He said: “He says: A heifer not trained to till the soil or water the fields; sound and without blemish.” They said: “Now hast thou brought the truth.” Then they offered her in sacrifice, but not with good-will.
Muhammad Asad comments:
i.e., their obstinate desire to obtain closer and closer definitions of the simple commandment
revealed to them through Moses had made it almost impossible for them to fulfil it. In his
commentary on this passage; Tabari quotes the following remark of Ibn ‘Abbas: “If [in the
first instance] they had sacrificed any cow chosen by themselves, they would have fulfilled
their duty; but they made it complicated for themselves, and so God made it complicated
for them.” A similar view has been expressed, in the same context, by Zamakhshari. It
would appear that the moral of this story points to an important problem of all (and,
therefore, also of Islamic) religious jurisprudence: namely, the inadvisability of trying
to elicit additional details in respect of any religious law that had originally been given
in general terms – for, the more numerous and multiform such details become, the more
complicated and rigid becomes the law. This point has been acutely grasped by Rashid Rida,
who says in his commentary on the above Qur’anic passage (see Manar I, 345 f.): “Its
lesson is that one should not pursue one’s [legal] inquiries in such a way as to make laws
more complicated … This was how the early generations [of Muslims] visualized the problem.
They did not make things complicated for themselves – and so, for them, the religious law
(din) was natural, simple and liberal in its straightforwardness. But those who came later
added to it [certain other] injunctions which they had deduced by means of their own reasoning (ijtihad); and they multiplied those [additional] injunctions to such an extent that the religious law became a heavy burden on the community.” For the sociological reason why the genuine ordinances of Islamic Law – that is, those which have been prima facie laid down as such in the Qur’an and the teachings of the Prophet – are almost always devoid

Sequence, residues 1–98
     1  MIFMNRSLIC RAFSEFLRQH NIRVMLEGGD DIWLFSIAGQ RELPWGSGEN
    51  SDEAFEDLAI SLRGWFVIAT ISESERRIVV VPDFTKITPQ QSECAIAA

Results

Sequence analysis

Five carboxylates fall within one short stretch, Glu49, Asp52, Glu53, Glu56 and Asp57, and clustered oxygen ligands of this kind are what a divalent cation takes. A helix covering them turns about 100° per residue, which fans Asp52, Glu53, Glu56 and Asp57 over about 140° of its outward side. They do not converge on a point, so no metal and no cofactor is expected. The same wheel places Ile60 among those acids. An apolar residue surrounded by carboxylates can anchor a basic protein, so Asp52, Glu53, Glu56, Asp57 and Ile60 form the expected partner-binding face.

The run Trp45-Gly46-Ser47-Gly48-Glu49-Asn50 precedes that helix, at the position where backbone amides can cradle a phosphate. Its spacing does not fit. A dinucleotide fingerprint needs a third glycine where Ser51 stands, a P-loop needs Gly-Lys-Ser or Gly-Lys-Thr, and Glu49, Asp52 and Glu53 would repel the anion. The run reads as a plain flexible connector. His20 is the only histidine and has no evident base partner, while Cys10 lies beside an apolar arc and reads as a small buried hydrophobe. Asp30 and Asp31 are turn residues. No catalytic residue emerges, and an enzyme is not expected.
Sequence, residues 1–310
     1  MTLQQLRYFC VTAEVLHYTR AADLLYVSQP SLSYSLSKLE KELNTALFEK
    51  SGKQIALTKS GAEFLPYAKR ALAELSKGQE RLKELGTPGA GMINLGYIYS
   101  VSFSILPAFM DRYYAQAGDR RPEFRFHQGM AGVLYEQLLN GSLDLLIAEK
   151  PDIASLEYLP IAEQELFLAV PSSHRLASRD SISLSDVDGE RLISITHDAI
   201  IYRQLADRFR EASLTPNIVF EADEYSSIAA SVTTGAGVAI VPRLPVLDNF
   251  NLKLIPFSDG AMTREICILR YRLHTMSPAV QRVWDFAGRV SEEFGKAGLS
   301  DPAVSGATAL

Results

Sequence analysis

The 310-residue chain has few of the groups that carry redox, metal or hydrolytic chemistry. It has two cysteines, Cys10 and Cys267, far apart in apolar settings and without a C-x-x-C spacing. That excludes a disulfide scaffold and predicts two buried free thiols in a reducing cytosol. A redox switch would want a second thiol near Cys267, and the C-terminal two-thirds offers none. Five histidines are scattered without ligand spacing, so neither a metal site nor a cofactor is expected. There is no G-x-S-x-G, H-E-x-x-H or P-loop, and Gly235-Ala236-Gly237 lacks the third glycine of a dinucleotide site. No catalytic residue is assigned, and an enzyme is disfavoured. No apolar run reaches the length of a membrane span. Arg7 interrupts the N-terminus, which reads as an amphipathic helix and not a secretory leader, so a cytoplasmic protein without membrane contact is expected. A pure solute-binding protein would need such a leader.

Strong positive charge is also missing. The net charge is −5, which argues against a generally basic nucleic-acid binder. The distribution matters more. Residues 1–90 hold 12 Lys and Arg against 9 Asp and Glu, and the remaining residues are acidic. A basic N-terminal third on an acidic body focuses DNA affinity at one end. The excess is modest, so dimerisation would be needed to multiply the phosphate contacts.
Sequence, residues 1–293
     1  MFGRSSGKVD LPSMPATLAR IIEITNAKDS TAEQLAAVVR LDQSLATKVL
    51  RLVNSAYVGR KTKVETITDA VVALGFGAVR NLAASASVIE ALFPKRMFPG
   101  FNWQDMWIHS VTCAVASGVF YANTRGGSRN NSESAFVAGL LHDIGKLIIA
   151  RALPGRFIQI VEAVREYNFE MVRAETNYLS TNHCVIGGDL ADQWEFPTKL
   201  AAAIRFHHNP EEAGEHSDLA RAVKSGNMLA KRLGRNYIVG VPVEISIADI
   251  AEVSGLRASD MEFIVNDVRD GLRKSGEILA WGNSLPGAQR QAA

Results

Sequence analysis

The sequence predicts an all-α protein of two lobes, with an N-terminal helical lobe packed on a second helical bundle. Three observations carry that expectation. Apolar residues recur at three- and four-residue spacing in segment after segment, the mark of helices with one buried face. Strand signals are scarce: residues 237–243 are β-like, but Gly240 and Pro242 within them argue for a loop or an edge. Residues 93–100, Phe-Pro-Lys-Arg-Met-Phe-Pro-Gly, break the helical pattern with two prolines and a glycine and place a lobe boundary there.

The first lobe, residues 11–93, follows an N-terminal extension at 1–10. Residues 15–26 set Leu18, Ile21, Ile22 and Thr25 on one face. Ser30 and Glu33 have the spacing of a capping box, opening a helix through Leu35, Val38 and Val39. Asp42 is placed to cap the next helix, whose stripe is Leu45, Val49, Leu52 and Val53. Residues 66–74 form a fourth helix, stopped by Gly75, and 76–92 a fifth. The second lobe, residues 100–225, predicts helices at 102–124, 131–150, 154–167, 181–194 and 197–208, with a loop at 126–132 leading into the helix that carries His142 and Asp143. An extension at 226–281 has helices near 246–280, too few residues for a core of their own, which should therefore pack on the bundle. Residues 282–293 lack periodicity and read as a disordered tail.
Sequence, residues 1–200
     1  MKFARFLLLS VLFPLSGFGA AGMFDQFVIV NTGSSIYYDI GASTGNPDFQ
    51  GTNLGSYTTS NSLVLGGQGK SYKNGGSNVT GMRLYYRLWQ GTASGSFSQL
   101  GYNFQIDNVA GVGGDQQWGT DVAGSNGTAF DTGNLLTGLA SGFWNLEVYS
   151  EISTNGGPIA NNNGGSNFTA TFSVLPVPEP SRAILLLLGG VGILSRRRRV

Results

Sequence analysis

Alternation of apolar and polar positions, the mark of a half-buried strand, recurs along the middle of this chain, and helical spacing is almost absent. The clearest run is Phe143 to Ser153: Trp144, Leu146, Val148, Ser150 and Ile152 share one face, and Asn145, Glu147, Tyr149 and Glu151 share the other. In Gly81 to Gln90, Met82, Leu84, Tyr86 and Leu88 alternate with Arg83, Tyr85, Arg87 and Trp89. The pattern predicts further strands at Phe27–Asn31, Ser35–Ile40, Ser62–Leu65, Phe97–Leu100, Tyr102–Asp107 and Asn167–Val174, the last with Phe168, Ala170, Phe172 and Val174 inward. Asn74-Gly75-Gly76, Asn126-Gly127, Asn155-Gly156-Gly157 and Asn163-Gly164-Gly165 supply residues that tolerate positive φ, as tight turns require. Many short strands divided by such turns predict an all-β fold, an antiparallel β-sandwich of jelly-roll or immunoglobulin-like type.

of details, I would refer the reader to my book State and Government in Islam (pp. 11 ff.
and passim). The importance of this problem, illustrated in the above story of the cow – and
correctly grasped by the Prophet’s Companions – explains why this surah has been entitled
“The Cow” (pg. 29-30)
According to the Study Quran:
In Ibn ʿAjībah’s esoteric commentary on this verse, the egotistical soul must
be killed in order for the spiritual soul to live. The best time for a soul to inflict
the knife of asceticism and poverty upon itself is when it is neither too old, when
its habits are ingrained and change becomes more difficult, nor too young (v.
68), when it feels immortal and sees no need to change. It is a soul that does not
desire the world (not broken to plow the earth) and is pure of the blemishes that
bind it to the world (v. 71). The soul is beautiful if it is good (v. 69). It is only
when the soul has been purified and made beautiful and severed its inner
attachment to the world that it is worthy to be sacrificed to God.
Asad, Muhammad (1980). The Message of the Quran. http://www.islamicweblibrary.com/wp-content/uploads/2020/04/55877864-54484011-Message-of-Quran-Muhammad-Asad-Islam-Translation.pdf
Nasr, Hossein (2015). Study Quran. http://www.islamicweblibrary.com/wp-content/uploads/2020/04/TheStudyQuran.pdf